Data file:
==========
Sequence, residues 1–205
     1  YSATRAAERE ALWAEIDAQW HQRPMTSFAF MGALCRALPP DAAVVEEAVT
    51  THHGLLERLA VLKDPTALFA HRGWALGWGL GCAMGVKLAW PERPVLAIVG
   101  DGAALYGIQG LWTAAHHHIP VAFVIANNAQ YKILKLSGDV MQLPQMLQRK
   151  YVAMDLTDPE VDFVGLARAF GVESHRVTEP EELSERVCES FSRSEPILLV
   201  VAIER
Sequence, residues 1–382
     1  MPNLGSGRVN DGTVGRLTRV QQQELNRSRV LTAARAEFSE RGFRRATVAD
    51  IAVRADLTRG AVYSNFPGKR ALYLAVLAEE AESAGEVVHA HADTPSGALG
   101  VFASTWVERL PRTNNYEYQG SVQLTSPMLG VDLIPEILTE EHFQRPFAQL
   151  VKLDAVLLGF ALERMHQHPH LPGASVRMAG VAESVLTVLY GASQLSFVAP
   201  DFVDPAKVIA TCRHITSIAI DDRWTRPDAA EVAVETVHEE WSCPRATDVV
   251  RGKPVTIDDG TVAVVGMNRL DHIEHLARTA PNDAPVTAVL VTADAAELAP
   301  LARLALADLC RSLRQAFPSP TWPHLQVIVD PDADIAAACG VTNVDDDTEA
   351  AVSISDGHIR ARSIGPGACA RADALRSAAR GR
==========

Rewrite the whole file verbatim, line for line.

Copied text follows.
Sequence, residues 1–205
     1  YSATRAAERE ALWAEIDAQW HQRPMTSFAF MGALCRALPP DAAVVEEAVT
    51  THHGLLERLA VLKDPTALFA HRGWALGWGL GCAMGVKLAW PERPVLAIVG
   101  DGAALYGIQG LWTAAHHHIP VAFVIANNAQ YKILKLSGDV MQLPQMLQRK
   151  YVAMDLTDPE VDFVGLARAF GVESHRVTEP EELSERVCES FSRSEPILLV
   201  VAIER
Sequence, residues 1–382
     1  MPNLGSGRVN DGTVGRLTRV QQQELNRSRV LTAARAEFSE RGFRRATVAD
    51  IAVRADLTRG AVYSNFPGKR ALYLAVLAEE AESAGEVVHA HADTPSGALG
   101  VFASTWVERL PRTNNYEYQG SVQLTSPMLG VDLIPEILTE EHFQRPFAQL
   151  VKLDAVLLGF ALERMHQHPH LPGASVRMAG VAESVLTVLY GASQLSFVAP
   201  DFVDPAKVIA TCRHITSIAI DDRWTRPDAA EVAVETVHEE WSCPRATDVV
   251  RGKPVTIDDG TVAVVGMNRL DHIEHLARTA PNDAPVTAVL VTADAAELAP
   301  LARLALADLC RSLRQAFPSP TWPHLQVIVD PDADIAAACG VTNVDDDTEA
   351  AVSISDGHIR ARSIGPGACA RADALRSAAR GR